35. The International Compensation Scheme and Development Reparation Fund should be financed not only from governmental sources but also by private contributions emanating in particular from those private sectors which had benefited, directly or indirectly, from transnational racist policies or acts.

36. The follow up mechanism of the World Conference will, inter alia, define the modalities of the compensation scheme for victims of slave trade and to that effect work, closely with the Eminent persons Group established by OAU Council of Ministers' resolution CM/1339 (LIV), mandated to "set out clearly the extent of Africa's exploitation, the liability of perpetrators and the strategies for achieving reparation".

37. The establishment of an international observatory for racially discriminatory attitudes and acts, individual or collective, private or public, including non-state actors charged with the following tasks:

    a) The compilation of information about racial acts and their developments,

    b) The creation of a website by a coalition of NGOs working in the field of combating racism, in collaboration with the Office of the High Commissioner for Human Rights, to receive and disseminate such information to the widest possible extent,

    c) Provide legal and administrative support and advice to victims of racial acts,

    d) Prepare an annual report on its activities to the Secretary-General of the United Nations.

38. The dissemination by the OHCHR to publicize in the most accessible manner through, its website and other appropriate means of all the remedies available through international mechanisms to victims of racial discrimination, as well as the national remedies hopefully enhanced and progressively developed in implementation of the programme of action to be adopted by the World Conference against Racism.

39. The international media through its relevant associations and organizations at both regional and international levels should consider the elaboration of an ethical code of conduct with a view to prohibiting the proliferation of ideas of superiority, justification of racial hatred and discrimination in any form and promoting mutual respect and tolerance among all peoples and human beings.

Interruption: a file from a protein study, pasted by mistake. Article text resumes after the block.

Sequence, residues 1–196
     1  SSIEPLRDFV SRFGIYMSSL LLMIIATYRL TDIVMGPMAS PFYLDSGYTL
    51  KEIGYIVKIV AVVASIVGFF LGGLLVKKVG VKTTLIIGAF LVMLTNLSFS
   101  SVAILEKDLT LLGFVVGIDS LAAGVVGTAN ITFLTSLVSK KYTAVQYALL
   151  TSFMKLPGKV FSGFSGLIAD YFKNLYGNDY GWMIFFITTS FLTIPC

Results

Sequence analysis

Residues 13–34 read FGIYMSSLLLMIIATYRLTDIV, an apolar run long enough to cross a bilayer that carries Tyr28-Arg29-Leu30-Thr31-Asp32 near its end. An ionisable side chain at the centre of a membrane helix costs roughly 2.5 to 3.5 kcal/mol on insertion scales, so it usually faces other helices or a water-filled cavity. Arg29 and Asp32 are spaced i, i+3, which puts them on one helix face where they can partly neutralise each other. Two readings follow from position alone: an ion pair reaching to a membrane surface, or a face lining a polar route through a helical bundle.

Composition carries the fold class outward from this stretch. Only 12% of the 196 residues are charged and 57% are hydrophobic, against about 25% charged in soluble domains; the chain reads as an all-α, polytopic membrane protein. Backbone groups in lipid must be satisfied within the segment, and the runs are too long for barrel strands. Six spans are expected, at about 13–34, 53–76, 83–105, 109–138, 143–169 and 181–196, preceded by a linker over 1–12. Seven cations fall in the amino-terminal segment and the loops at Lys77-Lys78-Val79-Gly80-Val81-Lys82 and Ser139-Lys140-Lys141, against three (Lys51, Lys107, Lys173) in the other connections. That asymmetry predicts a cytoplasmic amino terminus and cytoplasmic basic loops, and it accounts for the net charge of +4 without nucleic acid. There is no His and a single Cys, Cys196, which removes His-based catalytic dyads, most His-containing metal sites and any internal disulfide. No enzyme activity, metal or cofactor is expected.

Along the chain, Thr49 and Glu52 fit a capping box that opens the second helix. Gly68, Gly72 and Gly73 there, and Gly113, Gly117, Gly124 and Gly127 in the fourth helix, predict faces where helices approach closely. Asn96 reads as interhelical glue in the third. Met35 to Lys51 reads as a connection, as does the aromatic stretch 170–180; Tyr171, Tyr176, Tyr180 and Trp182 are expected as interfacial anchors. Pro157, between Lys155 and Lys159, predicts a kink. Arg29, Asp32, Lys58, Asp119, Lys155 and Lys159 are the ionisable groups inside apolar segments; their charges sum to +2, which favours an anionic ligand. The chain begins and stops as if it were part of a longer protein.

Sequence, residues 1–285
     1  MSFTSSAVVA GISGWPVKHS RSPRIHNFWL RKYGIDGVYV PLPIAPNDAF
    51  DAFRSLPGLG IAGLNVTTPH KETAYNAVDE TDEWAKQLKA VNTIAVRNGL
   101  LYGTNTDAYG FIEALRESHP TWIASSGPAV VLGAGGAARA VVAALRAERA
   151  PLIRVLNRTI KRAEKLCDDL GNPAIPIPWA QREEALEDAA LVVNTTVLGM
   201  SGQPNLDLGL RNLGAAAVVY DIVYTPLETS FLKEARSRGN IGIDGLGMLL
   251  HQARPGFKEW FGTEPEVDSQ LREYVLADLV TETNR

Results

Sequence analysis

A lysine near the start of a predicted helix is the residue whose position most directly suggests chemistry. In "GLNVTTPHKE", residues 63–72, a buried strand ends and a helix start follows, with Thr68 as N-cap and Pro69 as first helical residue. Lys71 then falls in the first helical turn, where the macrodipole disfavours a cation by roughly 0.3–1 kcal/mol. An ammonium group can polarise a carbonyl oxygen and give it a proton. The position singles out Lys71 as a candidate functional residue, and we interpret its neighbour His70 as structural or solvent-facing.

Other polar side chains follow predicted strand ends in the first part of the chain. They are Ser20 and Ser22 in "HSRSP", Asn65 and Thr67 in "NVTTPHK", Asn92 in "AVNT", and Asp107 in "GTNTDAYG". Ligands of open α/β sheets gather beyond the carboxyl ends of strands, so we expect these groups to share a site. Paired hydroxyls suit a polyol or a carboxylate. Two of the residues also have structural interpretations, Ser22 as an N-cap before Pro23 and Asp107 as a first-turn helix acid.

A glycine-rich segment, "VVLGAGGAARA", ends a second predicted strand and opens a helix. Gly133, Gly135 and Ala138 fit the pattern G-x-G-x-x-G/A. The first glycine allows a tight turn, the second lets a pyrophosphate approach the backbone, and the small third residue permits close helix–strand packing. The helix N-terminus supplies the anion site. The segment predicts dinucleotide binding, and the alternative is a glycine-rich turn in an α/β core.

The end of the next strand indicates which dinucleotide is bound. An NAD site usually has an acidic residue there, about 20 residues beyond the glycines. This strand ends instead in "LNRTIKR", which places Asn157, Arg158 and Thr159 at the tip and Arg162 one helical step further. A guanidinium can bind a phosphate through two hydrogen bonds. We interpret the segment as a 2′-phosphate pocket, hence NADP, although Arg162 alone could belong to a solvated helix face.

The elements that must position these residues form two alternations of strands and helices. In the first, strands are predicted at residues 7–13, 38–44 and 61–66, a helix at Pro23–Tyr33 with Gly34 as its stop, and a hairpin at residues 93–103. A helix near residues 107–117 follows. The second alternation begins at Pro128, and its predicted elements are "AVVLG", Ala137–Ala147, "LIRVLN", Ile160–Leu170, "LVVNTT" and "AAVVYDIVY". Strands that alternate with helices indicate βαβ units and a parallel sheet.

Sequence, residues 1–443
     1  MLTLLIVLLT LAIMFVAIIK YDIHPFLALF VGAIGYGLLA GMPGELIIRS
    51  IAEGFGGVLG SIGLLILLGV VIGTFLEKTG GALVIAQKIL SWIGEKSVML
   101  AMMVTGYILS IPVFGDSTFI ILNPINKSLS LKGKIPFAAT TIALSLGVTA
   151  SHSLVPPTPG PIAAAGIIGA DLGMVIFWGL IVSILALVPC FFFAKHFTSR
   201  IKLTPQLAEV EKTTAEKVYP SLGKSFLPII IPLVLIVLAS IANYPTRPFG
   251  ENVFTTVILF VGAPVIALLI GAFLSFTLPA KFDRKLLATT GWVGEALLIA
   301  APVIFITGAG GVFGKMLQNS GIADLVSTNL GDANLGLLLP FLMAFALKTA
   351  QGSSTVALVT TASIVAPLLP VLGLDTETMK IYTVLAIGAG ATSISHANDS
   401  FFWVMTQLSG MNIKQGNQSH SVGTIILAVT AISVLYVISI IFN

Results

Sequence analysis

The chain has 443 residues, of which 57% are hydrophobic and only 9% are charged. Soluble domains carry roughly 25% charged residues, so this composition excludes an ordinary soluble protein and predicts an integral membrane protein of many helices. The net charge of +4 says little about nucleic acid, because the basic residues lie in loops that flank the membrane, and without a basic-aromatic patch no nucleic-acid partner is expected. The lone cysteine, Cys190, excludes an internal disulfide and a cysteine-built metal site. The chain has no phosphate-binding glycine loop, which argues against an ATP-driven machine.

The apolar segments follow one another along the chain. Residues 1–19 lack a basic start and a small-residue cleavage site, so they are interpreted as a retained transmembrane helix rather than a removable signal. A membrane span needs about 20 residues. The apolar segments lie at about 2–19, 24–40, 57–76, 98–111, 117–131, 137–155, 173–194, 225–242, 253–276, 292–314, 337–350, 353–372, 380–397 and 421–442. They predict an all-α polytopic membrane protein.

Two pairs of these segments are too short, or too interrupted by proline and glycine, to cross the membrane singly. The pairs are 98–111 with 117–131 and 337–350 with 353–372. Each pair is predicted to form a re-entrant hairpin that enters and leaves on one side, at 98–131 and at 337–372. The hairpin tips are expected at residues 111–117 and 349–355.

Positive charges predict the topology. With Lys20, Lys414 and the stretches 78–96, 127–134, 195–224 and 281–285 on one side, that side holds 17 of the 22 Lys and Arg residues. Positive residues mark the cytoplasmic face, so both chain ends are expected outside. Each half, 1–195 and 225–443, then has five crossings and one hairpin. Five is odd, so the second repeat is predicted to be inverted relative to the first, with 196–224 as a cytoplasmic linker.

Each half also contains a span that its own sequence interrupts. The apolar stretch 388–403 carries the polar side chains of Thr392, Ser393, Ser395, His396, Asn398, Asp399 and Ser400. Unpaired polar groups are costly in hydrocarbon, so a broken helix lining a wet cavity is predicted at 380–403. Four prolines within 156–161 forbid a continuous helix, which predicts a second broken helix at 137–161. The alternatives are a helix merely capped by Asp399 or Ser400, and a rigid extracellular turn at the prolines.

40. All States should ensure the enactment of legislations with a view to declaring illegal and prohibit political platforms as well as any organizations and all propaganda activities which promote and incite racial discrimination as well as recognizing participation in such organizations as an offence punishable by law.

41. All States should facilitate access to justice and provide legal assistance to victims of racial discrimination in a manner adapted to their specific needs and vulnerability including exemption of fees, simplification of procedures, legal representation and establishment as appropriate of special adapted jurisdictions to deal with such cases.

42. States should intensify their efforts in the field of education to promote the consciousness of the evil of racism, racial discrimination, xenophobia and related intolerance, in order to ensure the respect for the dignity and worth of all human beings.  In this context, States should develop, where appropriate, and implement specific sensitization and training programmes to combat racism, formulated in local languages for all categories of society in particular young people.

43. The OHCHR, in collaboration with UNESCO, relevant specialized regional organizations, and NGOs should periodically consult and co-ordinate their efforts to provide, maintain and adapt technical educational material, inspired by all the cultures of the world, designed to combat racism.